18 Grants: subsidies paid - without an obligation to refund – by public authorities to companies investing in a region for the purpose of facilitating their establishment or expansion.Leasing: hire/purchase of capital goods.Loans and debt: the main sources of funding for SMEs.Mezzanine: intermediate layer of financing products (between equity and debt). Interest rates are often quite high.Proof of concept: fund provided by public bodies to a research team in order to assess the viability of a new enterprise.Quasi-equity investment instruments: instruments whose return for the holder (investor/lender) is predominantly based on the profits or losses of the underlying target company, are unsecured in the event of default and/or can be convertible into ordinary equity.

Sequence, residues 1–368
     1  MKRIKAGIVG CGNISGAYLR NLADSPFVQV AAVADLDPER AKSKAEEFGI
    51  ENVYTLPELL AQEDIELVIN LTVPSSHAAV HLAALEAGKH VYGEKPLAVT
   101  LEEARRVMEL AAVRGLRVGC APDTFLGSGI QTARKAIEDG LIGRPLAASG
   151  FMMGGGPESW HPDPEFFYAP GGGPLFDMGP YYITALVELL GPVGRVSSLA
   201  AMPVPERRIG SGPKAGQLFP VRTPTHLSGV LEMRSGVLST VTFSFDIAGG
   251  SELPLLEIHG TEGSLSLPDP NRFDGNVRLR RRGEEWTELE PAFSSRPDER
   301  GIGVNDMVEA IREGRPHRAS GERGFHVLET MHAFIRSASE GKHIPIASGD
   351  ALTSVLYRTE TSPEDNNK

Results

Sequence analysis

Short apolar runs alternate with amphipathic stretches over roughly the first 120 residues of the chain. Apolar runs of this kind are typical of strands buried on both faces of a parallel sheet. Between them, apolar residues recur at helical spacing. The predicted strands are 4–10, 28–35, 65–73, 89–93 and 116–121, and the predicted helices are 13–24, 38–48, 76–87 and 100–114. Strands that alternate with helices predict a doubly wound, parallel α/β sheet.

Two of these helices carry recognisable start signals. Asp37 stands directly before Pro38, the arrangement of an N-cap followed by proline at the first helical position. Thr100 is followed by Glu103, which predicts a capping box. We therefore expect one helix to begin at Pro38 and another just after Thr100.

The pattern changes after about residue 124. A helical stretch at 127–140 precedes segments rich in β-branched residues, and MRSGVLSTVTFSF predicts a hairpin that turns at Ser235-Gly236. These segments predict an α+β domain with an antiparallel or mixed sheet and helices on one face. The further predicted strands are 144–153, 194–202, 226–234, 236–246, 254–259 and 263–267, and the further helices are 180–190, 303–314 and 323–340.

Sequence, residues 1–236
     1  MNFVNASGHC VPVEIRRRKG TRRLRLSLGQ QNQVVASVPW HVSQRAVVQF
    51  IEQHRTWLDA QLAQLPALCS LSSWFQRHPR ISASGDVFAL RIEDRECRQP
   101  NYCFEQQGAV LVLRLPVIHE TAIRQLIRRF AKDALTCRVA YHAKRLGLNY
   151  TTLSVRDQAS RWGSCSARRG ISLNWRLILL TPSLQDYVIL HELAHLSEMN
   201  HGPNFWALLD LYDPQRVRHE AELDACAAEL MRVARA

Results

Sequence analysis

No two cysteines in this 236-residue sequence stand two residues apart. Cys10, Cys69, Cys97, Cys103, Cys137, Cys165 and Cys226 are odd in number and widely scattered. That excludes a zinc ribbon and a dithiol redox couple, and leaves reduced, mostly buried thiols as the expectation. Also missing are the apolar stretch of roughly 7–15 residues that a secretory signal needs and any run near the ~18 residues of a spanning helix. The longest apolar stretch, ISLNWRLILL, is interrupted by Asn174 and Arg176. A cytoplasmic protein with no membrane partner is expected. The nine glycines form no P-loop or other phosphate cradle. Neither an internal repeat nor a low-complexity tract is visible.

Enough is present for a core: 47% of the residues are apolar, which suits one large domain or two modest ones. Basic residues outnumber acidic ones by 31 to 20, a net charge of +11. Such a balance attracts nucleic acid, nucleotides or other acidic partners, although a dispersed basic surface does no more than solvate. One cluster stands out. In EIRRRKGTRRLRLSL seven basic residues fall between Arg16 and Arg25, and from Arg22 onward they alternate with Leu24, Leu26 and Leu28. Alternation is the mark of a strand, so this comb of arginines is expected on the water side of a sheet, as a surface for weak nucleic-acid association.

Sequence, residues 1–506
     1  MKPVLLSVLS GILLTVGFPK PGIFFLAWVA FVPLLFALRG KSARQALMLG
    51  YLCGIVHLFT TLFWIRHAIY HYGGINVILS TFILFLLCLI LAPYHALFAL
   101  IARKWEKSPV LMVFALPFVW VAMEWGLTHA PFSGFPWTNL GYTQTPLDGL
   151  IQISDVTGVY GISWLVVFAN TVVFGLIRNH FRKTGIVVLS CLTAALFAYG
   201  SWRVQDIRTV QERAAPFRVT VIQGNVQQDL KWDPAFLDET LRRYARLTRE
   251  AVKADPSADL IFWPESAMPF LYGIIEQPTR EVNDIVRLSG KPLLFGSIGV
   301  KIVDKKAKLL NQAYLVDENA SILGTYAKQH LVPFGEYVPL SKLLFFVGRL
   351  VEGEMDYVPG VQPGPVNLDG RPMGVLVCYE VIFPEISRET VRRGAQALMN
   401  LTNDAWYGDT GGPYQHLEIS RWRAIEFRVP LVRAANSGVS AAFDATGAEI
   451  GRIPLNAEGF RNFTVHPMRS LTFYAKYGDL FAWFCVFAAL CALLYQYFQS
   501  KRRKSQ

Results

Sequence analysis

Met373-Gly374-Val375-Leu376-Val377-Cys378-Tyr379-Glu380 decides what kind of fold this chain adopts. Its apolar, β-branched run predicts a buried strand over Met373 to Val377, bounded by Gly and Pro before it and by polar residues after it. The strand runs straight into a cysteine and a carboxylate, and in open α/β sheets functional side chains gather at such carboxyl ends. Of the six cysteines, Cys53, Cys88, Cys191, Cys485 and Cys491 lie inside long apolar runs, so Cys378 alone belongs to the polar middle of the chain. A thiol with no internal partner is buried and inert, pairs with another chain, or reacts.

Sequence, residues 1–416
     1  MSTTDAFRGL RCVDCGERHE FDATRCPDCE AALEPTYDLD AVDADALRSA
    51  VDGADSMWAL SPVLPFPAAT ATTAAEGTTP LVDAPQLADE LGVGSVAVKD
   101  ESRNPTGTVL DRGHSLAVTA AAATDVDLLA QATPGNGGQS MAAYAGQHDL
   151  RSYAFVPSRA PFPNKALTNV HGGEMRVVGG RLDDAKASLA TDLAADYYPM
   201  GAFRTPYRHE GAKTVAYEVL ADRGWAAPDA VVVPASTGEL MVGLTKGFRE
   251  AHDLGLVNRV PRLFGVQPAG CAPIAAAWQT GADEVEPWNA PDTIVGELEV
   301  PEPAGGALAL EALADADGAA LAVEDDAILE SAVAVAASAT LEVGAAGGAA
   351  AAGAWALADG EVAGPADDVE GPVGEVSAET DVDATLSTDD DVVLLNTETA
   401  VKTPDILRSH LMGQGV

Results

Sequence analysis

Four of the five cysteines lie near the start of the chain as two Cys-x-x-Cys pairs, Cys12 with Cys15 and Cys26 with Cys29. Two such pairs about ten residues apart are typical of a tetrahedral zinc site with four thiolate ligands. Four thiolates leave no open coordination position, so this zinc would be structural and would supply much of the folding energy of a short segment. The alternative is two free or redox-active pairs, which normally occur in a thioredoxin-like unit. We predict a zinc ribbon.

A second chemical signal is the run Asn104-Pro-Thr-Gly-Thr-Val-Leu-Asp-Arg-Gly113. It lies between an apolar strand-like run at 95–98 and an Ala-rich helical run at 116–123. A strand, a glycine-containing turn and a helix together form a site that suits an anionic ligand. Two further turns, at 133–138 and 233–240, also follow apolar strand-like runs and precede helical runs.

19 Replacement capital (also called secondary purchase): purchase of existing shares in a company from another private equity investment organisation or from another shareholder or shareholders – an investor buys another’s stake.Risk capital: equity and quasi-equity financing to companies during their early-growth stages (seed, start-up and expansion phase) in the hope of a return on investment (ROI) that is both large and speedy, on a par with the level of risk taken. It includes: informal investment by business angels; venture capital; alternative stock markets specialised in SMEs and high-growth companies.